Arnaud Mercier pinpoints a radical transformation in the conception of society, as the facts of life are more and more characterized by the pervasive decline of institutions, increasing deregulations, flexibility, risk-taking and highly individualistic behaviours. From then on, the main stake for those in power, is to accompany French society throughout this profound change, to provide responses for a sustained adaptation. To understand the process of this evolution, Arnaud Mercier first analyses the crises of the forms of social organizations which until now upheld the cohesion:

  • The crisis of the Welfare State. Its slow decline no longer preserves the link between persons and community as well as between the persons themselves.
  • The crisis of the wage society. It is going through a crisis, correlated to serious uncertainties in career paths.
  • The family crisis. Its waning influence induces a lack of confidence in its cohesive role as an institution (some even allude to the fall of the family institution).
  • The crisis of political cohesion. Generated by a growing complexity in the conduct of political affairs, it is expressed by the French’s loss of confidence in their political elite.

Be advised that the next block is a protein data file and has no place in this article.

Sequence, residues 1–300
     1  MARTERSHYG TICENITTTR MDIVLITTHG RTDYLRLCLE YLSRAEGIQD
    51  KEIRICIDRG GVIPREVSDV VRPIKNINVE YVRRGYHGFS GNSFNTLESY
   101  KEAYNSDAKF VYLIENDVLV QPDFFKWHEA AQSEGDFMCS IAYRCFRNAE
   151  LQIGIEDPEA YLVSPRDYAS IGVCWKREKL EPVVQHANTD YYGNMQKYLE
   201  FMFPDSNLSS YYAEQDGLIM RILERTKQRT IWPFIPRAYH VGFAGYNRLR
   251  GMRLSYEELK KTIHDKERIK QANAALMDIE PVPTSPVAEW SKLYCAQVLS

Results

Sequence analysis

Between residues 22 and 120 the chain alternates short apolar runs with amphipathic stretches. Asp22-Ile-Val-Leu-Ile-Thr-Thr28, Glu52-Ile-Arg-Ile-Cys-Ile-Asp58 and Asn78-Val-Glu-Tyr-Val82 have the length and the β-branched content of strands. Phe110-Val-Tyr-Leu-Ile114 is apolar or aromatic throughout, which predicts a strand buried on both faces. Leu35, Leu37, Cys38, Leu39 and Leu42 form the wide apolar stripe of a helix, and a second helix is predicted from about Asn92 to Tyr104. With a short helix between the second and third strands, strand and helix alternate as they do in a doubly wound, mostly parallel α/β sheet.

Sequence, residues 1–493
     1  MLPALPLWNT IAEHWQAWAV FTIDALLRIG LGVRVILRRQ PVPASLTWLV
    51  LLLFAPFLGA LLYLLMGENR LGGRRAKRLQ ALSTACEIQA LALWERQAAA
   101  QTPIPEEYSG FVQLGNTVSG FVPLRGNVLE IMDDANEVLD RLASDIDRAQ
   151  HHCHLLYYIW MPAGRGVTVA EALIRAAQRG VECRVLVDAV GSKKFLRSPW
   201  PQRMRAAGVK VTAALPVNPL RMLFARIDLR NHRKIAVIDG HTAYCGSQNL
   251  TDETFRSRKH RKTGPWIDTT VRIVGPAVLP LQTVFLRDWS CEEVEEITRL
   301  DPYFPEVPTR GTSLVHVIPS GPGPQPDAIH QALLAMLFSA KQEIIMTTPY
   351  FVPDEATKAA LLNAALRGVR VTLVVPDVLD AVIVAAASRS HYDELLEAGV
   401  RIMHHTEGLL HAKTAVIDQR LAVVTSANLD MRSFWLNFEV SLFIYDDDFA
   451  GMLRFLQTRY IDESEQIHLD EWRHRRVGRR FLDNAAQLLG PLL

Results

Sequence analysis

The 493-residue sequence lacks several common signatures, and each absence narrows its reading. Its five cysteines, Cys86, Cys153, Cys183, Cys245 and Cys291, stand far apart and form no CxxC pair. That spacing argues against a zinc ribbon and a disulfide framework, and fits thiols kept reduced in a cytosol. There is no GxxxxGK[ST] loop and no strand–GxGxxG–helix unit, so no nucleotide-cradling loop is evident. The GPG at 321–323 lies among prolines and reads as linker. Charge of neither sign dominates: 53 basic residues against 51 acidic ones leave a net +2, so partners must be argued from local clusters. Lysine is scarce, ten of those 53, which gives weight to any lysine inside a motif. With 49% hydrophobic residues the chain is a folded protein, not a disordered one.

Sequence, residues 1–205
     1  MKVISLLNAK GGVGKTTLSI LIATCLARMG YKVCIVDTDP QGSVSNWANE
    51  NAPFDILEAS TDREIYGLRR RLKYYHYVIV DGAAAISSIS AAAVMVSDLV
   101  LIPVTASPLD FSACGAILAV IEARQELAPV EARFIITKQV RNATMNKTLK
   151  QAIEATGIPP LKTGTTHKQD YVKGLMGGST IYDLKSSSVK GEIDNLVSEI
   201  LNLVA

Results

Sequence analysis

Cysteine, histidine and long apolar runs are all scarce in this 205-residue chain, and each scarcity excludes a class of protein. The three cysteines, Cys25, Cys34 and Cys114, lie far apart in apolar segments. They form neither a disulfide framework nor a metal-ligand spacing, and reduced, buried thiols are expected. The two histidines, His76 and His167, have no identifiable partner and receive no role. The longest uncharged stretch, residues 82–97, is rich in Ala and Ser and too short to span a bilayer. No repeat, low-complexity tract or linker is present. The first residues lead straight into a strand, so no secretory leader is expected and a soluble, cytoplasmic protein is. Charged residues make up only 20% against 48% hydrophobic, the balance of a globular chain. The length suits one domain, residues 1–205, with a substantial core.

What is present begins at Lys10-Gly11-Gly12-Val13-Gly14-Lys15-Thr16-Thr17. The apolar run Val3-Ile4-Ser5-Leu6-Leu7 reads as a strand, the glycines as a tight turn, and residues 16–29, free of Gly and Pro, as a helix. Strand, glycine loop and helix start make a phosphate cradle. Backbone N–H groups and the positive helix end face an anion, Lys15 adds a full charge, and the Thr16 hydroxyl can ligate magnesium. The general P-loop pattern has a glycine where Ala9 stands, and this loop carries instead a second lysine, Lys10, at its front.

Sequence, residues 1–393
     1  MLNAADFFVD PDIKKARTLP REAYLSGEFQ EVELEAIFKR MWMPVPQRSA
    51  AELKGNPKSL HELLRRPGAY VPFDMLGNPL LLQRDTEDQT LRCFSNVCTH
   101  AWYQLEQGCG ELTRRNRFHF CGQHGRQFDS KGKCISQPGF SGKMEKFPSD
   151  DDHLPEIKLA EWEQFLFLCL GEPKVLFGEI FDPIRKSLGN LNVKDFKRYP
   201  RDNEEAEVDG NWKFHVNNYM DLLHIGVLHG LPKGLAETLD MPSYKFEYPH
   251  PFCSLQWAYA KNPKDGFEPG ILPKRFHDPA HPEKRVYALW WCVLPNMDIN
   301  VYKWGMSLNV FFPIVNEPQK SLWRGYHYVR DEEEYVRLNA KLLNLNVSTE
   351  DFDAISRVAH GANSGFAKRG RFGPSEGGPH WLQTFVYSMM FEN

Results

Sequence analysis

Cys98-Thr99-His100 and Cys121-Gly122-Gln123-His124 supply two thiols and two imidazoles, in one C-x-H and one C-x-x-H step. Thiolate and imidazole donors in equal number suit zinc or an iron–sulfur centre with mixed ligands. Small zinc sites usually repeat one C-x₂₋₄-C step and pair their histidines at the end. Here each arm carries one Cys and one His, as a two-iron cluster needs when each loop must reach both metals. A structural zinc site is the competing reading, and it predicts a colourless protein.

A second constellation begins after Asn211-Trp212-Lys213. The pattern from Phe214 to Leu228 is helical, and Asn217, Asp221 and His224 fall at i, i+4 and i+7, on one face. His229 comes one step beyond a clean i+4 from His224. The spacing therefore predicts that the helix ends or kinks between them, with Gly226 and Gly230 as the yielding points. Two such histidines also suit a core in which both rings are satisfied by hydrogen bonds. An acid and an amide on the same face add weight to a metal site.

Faced with such loss of control, loss of confidence and points of reference, the study puts forward a few suggestions:

  • Deciphering through these confidence crises, the need for a greater political, economic and social interventionism, to introduce the social security which the market cannot provide. Responding to this”political expectancy”.
  • Upholding an “ideal of justice”. The French find their Judiciary System is failing, but want more and more of it to respond to various aspirations.
  • Improving the status of civility, of wishing to live together without which it is impossible to “develop cohesive forces in society”. School in particular is expected to do a significant job.
  • Giving citizens access to decision-making, among others, following the example of the Assizes Jurors. Hardly committed, demotivated by a political sphere which seems fairly remote from them, the French are indeed pessimistic regarding the way they can influence politics.
  • Supporting new ways of exerting citizenship to reconcile the French with the public sphere: community life, appeal to citizens’ expertise, or a more developed participative democracy.